“The test of intention is subjective. The parties must have intended to create different rights and obligations from those appearing from (say) the relevant document, and in addition they must have intended to give a false impression of those rights and obligations to third parties”. Hitch v Stone [2001] EWCA 63.

Further to this, the actual use of the document is unimportant – what matters is the intention behind it. As Birss J put it: “To be a sham the document must be created with an intention to mislead, but the fact that the document is never deployed to mislead does not stop it being a sham” [para 152]

Birss J held that, given his findings on the true effect of the trust deeds, the trusts were not shams. However, if he was wrong about the construction of the deeds, then he would find that the trusts were indeed shams.

The basis of this finding was that whilst the trusts appeared to divest Mr Pugachev of his ownership of the assets, his intention was to retain control at all times. In the judge’s opinion, Mr Pugachev “is not a person who would lightly relinquish control of anything and he is a person quite willing to lie and put forward false statements deliberately if that would suit his purpose. The circumstances as a whole and Mr Pugachev’s character support a credible inference that one of Mr Pugachev’s purposes in transferring the property into these trusts was what is euphemistically called ‘asset protection’, in other words to hide them from possible claims, facilitate a plausible denial of ownership, while retaining control in fact.” [para 298]. “The point of the trusts was not to cede control of his assets to someone else, it was to hide his control of them” [para 424].

Victor, who also settled assets on the trusts, was found to be acting as Mr Pugachev’s nominee throughout. Mr Patterson (the NZ trust practitioner who had helped to establish the trusts) referred to Mr Pugachev as the “UBO” – ultimate beneficial owner. Of the other people involved in the trusts – “Mr Pugachev’s lieutenants” – Birss J said “I find that they do not and did not ever act independently of Mr Pugachev” [para 284].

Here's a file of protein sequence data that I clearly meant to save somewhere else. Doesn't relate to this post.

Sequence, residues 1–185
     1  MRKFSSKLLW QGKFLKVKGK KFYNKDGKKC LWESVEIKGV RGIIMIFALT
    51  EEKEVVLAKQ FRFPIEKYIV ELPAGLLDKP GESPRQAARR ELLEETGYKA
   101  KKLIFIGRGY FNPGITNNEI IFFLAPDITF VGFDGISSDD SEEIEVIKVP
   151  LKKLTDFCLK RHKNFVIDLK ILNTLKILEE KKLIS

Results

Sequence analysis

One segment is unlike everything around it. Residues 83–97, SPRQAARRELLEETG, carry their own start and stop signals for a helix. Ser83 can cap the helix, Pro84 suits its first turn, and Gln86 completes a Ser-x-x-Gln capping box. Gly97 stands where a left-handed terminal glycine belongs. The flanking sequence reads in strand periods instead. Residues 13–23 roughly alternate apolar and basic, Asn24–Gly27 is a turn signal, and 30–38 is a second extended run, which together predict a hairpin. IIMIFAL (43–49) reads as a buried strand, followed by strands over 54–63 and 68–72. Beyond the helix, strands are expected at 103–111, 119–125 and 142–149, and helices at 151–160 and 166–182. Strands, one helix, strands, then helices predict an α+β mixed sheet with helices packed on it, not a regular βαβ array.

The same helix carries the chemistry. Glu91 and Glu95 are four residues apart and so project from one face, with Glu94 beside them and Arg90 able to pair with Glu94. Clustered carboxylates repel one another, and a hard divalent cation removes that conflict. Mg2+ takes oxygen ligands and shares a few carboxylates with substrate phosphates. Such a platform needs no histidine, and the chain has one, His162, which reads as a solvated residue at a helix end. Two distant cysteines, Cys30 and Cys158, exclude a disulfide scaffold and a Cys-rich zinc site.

Whilst it was harder to show that the trustees themselves shared Mr Pugachev’s intention, Birss J was satisfied that reckless indifference to Mr Pugachev’s intention could suffice: “The best that can be said is that Mr Patterson prepared and signed these deeds entirely recklessly as to the settlor’s true intentions” [para 435].

Therefore, if Birss J was wrong about the construction of the deeds, the trusts would fail on the basis that they were shams:

“if a proper approach to the construction of these deeds was to lead to a conclusion that the Protector’s powers are fiduciary…[and] under the deeds Mr Pugachev is not the beneficial owner, then those deeds are a sham. The settlor intended to use them to create a false impression as to his true intentions and the trustees went along with that intention recklessly” [para 437].

Section 423 Insolvency Act 1986

Given the court’s findings on the other two issues, this claim was dealt with in a cursory manner. Birss J found that the transfers into the trusts would also satisfy the test under s.423. The intent behind creating the trusts was to mislead Mr Pugachev’s potential and actual creditors by disguising his ownership of the assets.

Lessons to be learnt for private client practitioners

The judgment raises a number of serious questions for practitioners, especially when faced with settlor-interested trusts.

Firstly, when drafting or advising on trust deeds, be careful of what powers are given to the Protector. This is still the case even when the powers are ‘negative’ – i.e. powers of veto, rather than power to take action. There is a risk that third parties – including tax authorities – may challenge whether the assets have actually been divested, especially if the Protector is also a beneficiary and/or the settlor of the assets.

Secondly, to access the assets within a discretionary trust, third parties do not necessarily need to show that the trust is a sham (nor a common intention to deceive). Instead, they just need to prove that on a true construction, the trust instrument allows the settlor to retain the beneficial ownership of the trust assets. This has potentially far-reaching implications, including in the family law context.

Thirdly, if a trust is based in a jurisdiction where legislation permits extensive powers to be retained by the settlor that will not necessarily change the analysis, especially if an English Court is asking the question of who really owns the trust.

Finally, trustees (and their advisers) must ask appropriate questions and cannot simply ignore what is really going on. Establishing what looks like a trust is no answer to the trust being a sham if the trustees are reckless as to the reality of the situation. Adverse findings against the trustees will affect them and their business, so the settlor and/or beneficiaries are not the only persons at risk.

Drafting Trust Documents

Gill Steel Webinar: 13 March 2018 | 1pm-2pm

This webinar will address the principles behind drafting key trust documents with a view to avoiding pitfalls, illustrated by reference to recent cases.

Find out more about what’s covered in this webinar and to book